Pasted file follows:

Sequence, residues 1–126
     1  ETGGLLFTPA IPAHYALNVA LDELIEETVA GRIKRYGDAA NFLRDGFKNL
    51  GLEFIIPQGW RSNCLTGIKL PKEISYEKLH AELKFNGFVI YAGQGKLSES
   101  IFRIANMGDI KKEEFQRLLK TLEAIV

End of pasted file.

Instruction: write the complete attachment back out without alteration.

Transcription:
Sequence, residues 1–126
     1  ETGGLLFTPA IPAHYALNVA LDELIEETVA GRIKRYGDAA NFLRDGFKNL
    51  GLEFIIPQGW RSNCLTGIKL PKEISYEKLH AELKFNGFVI YAGQGKLSES
   101  IFRIANMGDI KKEEFQRLLK TLEAIV